Amy Gleason (@PatientSide) captured this line of mine, delivered on a panel at the Health Datapalooza yesterday. Her tweet generated an interesting cascade of reactions ranging from: “This is potentially dangerous” to “This is obvious (and old news).” I thought I’d expand on my observations and see if people want to expand on theirs in the comments.
First, this IS an old idea and not original to me. It was planted in my head by Tom Ferguson, MD, in 2001 and then nurtured throughout the early 2000s by pioneers like Danny Sands, Terry & Joe Graedon, Dan Hoch, John Lester, Alan & Cheryl Greene, Gilles Frydman, John Grohol and others back in the day. Famously, Danny gave E-patient Dave an actual piece of paper with “ACOR.org” written on it in 2007.
Second, I attend conferences is to be introduced to new ideas and to test the validity of old ones by saying them out loud in a crowded room. I only wish our panel had been recorded so we could capture all the great insights that were shared by David Fajgenbaum, Bon Ku, and our colleagues in the audience.
Third, in case anyone had any doubts: People seeking, finding, and creating peer health advice online is an unstoppable trend that I’ve been tracking for (yikes) 20 years. Here’s my research page if you’d like to dig in.
Fourth, a huge cottage industry of peer-to-peer health communities has sprung up whether anyone likes it or not. There are Facebook Groups, Reddit threads, and Twitter hashtags. There are glossy, corporate-backed platforms. There are old-school forums and list-serves. Some peer communities pop up for an event or acute situation, others sustain over many years. All of them ladle out support, many engage in discovery and problem-solving, some are saving lives. And there is a growing body of literature mapping and measuring the impact of peer-to-peer health.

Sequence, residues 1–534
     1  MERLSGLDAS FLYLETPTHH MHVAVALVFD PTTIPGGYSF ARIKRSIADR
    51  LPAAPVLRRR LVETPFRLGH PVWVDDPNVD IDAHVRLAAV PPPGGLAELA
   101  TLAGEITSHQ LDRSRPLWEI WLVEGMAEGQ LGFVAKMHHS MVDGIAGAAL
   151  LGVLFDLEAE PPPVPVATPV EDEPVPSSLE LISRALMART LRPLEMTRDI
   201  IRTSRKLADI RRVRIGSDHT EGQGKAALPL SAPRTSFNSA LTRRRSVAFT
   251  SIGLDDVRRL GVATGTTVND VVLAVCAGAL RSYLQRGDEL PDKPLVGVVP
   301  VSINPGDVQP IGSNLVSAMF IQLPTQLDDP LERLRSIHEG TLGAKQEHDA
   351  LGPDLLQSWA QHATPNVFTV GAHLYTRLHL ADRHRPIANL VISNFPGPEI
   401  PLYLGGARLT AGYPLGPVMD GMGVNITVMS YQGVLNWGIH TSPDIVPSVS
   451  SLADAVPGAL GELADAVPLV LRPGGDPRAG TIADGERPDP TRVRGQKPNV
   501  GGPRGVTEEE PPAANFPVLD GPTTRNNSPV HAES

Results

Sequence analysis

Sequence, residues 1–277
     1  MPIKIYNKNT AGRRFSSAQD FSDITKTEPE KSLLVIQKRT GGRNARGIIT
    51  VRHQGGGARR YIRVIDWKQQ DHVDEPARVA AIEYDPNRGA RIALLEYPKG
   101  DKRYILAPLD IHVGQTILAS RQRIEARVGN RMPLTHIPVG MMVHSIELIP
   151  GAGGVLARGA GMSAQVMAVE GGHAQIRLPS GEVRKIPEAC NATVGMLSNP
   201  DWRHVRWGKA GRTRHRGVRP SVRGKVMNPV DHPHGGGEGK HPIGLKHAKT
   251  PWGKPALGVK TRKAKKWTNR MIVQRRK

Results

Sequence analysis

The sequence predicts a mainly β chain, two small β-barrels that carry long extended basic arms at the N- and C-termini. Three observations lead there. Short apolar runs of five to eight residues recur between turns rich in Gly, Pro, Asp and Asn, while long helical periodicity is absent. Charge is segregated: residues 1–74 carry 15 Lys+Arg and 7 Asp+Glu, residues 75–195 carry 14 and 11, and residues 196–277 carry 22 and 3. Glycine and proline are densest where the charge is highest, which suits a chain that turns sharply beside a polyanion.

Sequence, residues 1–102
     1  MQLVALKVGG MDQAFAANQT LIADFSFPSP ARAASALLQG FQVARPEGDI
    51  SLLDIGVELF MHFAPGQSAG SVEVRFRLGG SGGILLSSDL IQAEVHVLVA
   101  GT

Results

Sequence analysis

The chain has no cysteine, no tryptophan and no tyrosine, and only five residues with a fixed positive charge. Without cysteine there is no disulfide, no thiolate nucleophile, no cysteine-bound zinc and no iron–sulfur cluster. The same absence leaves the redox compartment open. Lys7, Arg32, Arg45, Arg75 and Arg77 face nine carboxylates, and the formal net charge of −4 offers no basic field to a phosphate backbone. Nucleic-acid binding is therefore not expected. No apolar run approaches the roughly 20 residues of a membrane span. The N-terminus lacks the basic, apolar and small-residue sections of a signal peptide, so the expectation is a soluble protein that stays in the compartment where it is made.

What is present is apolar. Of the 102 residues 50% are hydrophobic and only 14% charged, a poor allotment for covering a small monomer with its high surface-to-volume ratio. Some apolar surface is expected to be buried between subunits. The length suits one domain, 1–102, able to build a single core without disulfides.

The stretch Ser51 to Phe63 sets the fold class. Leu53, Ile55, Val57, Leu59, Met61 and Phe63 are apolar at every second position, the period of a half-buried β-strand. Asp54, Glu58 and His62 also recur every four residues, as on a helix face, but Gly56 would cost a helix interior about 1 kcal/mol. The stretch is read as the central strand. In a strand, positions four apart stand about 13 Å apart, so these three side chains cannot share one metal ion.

But peer health advice and connection still hasn’t tipped over into the mainstream, which I think will happen when clinicians recommend it to their patients (Paul Wicks warns that “one day, it’ll be malpractice for a newly diagnosed patient not to be connected to 5-10 other patients like them in the first 12 months.”)
I’m working on a model to try to explain this phenomenon to people just tuning in and my office walls are covered with my hand-drawn diagrams of dyads and examples. We suffer from a glut of great stories but no map.
In the spirit of crowd-sourcing questions, not answers, I’d like to share a few of the ways I am stretching out the tangle. Where along these spectrums does YOUR favorite peer health community fall? What dyads do you suggest adding?
Acute, fast-moving, even emergency situation <—-> Chronic, even life-long condition
Temporary community <—-> Long-term community
People’s questions are NOT being answered by mainstream health care <—-> People are well-served by mainstream institutions
Data about the condition is excellent and available to share <—-> Data is non-existent, incomplete, not shareable
Treatments are well-known to be safe and effective <—-> Treatments are seen to be risky
Home care is at the center of the patient experience <—-> Care delivery happens in a clinical setting
Solutions are low-tech <—-> Solutions require advanced tech
Now: your turn. Comments are open.
Note: I try to remember to use the inclusive term “clinicians” so I updated the title of the post to reflect that, instead of the original “doctors.”
Featured image: The most crowded and fruitful quadrant of all the 2×2 diagrams in my office.